As I head up the on-ramp of Exit 13 to get on Interstate-88, I can see him most every day. There is a great blue heron that feeds in that backwater. Some days he’ll be resting on one of the low-hanging branches. On other occasions, he’ll stand perfectly still, just waiting with the water halfway to his knees.
I have a similar creature that likes to visit my pond on a regular basis. I occasionally see him, but I can see his tracks in the mud along the shore almost every day. That darn bird knows that there’s an abundance of small bass that feed in the shallows and they make a very easy meal.
The blue heron is really an amazing predator. It has the patience of a saint, the aim of a world-class archer and the appetite of a teen-aged boy with two hollow legs at a hotdog-eating contest.
These birds feed or hunt differently than other fish-eating birds. The osprey or eagle flies over open water and dives down to take fish that are near the surface of the river or lake. The blue heron is a wading bird and uses its long legs to work along the shores of ponds and streams.
When a heron feeds, it stands in the water like a statue in the park. He never moves the majority of his body as he waits. The unique thing about the heron is his middle toe. The bird stands there and wiggles his middle toe, making it look like a worm or other small, edible creature in the shallow water.
Small fish are attracted to the movement, thinking they have found an easy meal. It’s an easy meal all right, except they are the main course. The heron quickly jabs its long, sharp bill into the water and spears the unsuspecting fish, which is then swallowed whole.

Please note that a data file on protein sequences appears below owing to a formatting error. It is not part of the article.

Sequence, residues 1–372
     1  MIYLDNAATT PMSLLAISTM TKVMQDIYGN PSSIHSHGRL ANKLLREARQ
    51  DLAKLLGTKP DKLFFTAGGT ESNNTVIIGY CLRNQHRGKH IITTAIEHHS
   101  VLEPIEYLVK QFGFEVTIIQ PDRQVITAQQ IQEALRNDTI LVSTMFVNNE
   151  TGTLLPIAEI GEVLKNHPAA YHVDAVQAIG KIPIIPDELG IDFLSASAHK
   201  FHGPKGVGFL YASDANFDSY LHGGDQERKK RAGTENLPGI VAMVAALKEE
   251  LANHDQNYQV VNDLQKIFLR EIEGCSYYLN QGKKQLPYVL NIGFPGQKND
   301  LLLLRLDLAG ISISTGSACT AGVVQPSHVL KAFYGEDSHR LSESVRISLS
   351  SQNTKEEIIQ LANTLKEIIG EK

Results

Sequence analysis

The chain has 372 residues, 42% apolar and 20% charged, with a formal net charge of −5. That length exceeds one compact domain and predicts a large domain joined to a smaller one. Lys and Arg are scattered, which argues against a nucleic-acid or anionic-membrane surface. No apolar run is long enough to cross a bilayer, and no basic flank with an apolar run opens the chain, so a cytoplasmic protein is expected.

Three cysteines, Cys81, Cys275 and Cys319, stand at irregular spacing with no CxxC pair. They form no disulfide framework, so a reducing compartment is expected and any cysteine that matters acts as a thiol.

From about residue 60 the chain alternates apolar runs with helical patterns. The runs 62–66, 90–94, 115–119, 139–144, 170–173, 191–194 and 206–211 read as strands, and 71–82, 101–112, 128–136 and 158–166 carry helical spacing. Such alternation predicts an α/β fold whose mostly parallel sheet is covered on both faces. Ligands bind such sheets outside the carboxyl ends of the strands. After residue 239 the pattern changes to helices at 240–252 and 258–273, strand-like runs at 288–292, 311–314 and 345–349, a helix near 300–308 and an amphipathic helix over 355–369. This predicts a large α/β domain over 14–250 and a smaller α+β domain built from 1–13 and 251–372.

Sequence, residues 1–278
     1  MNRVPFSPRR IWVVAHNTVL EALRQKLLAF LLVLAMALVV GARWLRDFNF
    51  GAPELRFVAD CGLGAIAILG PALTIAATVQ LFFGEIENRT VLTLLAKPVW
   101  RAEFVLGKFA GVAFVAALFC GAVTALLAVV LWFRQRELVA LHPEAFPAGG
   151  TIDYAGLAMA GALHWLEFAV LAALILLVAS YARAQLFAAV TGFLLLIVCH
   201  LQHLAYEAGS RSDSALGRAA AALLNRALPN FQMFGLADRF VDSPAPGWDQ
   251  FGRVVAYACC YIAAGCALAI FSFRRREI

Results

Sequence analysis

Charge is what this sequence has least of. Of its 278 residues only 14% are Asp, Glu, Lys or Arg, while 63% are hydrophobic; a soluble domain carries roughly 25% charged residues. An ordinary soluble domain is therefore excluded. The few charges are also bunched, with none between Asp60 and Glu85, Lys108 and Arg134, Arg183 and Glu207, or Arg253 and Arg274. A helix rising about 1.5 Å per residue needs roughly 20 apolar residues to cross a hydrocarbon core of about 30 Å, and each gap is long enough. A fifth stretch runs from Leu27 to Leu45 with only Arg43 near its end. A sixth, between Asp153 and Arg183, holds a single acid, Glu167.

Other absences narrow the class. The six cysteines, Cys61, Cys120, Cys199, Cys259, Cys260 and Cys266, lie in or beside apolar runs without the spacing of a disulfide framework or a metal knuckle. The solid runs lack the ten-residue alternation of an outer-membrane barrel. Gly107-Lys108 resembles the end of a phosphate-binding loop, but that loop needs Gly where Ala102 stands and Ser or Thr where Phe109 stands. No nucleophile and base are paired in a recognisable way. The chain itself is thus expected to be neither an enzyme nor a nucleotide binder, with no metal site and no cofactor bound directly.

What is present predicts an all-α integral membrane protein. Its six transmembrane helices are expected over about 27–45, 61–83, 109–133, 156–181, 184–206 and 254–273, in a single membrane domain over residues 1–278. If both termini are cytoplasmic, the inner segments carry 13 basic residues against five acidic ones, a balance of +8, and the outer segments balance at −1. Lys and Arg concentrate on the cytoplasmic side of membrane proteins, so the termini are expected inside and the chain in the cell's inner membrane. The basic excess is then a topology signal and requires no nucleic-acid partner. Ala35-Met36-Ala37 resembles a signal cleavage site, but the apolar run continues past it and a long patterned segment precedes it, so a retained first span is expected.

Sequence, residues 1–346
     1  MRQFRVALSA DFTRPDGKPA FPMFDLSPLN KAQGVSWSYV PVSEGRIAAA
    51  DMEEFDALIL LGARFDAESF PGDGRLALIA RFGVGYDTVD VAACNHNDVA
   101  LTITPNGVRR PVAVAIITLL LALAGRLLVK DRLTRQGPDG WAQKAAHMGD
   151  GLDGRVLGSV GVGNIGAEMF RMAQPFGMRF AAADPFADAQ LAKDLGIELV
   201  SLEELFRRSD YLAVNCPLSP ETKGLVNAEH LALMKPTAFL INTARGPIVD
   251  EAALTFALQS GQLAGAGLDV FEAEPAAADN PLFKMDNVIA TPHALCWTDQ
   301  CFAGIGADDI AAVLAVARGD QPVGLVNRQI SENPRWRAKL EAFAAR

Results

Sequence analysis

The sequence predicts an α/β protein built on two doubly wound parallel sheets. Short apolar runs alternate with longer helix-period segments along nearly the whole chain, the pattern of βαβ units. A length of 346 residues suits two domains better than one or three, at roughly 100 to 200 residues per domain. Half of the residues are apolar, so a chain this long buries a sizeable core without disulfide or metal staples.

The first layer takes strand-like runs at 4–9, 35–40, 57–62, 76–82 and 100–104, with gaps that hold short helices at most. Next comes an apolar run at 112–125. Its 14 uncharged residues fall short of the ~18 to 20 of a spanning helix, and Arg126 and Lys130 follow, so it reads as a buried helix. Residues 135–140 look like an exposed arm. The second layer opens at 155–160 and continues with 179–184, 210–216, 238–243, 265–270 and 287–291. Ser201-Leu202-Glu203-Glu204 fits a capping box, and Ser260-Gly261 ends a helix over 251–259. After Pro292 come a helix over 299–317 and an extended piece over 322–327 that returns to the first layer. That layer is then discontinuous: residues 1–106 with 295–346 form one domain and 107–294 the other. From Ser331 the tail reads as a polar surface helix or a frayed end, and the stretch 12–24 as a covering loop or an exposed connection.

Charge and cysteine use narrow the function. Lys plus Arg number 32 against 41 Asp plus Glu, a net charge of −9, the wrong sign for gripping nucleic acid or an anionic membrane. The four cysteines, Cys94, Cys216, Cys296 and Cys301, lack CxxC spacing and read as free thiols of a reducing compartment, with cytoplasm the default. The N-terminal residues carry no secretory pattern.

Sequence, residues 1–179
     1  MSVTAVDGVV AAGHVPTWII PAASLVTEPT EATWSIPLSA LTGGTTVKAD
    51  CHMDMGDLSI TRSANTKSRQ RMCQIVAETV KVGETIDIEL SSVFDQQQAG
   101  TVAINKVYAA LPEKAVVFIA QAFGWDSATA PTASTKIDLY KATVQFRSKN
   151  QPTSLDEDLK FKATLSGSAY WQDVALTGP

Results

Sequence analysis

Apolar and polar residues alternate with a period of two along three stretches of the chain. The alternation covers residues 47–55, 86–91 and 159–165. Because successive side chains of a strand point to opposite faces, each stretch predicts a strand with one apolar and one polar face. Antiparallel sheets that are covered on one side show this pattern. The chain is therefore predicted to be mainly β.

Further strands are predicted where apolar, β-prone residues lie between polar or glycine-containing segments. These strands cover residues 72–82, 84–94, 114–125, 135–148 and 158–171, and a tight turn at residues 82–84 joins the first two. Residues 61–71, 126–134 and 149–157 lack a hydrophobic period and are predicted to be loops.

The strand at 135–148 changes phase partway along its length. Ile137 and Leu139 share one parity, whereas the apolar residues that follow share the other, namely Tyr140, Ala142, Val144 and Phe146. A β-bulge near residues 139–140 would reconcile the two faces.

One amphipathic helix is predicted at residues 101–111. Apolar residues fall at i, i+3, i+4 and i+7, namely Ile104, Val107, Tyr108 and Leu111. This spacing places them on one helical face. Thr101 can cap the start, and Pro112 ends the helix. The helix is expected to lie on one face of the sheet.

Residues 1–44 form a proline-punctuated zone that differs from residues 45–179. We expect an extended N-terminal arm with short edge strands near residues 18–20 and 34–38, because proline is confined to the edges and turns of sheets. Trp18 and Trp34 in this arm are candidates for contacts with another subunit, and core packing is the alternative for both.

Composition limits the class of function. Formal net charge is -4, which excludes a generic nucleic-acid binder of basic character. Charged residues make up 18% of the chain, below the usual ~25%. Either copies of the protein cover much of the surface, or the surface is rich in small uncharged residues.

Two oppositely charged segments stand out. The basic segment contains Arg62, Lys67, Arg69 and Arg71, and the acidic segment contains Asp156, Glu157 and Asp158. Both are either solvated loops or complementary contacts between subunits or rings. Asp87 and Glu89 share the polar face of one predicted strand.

Great blue herons make large, bulky nests of sticks in trees near lakes and wetlands. Many of these large birds gather in colonies to breed and rear their young. This area is called a rookery. During the breeding season, they are quite vocal. Their voices are a rather raspy croak and can be heard for quite a distance.
I really have no love for these birds because they consume so many fish. They’ll easily clean out a pond of fish if they get a chance. The one that feeds in my pond is lucky he’s protected. If he wasn’t, a few well-placed holes would definitely slow down his feeding habits.
I find just walking up to the pond for several mornings and evenings in a row really disturbs his feeding frenzy. I don’t have to yell or wave my arms or anything. All I have to do is show up and he flies off. After several days of being disturbed, I find the pond vacant of the feathered poacher for at least a week or two.
I guess there’s one positive thing about the heron: They keep ponds from getting over-populated. The fish that survive will grow big and make a good meal in the future — for me.
I guess that makes me no different than him. It’s just that he likes his raw and I prefer my fish filleted and fried to a golden brown.
— CANY, the Conservation Alliance of New York, is holding its 12th annual banquet at 5 p.m. Sept. 29th at the Holiday Inn in Oneonta. Cost is $30. Proceeds will help distribute venison to the needy. To date, CANY has contributed more than 60,000 pounds of nutritious, low-fat meat to those in need. Seating is limited to 300. For tickets or for more information, call Al Bowers at 607-432-6398, Rich Gravelin at 607-432-6212 or Ron Martini at 607-432-5945.
— The Gilbertsville Rod and Gun Club will hold a Youth Shoot from 9 a.m.-1 p.m. Sept. 8, followed by a chicken barbeque and a trap shoot at 1 p.m. The club’s final 3-D archery shoot will run from 7-11 a.m. Sept. 16. For more information, call Dawn or Mike at 607-988-9535 or 607-859-2393 (day of shoot).
Rick Brockway writes a weekly outdoors column for The Daily Star. Email him at firstname.lastname@example.org.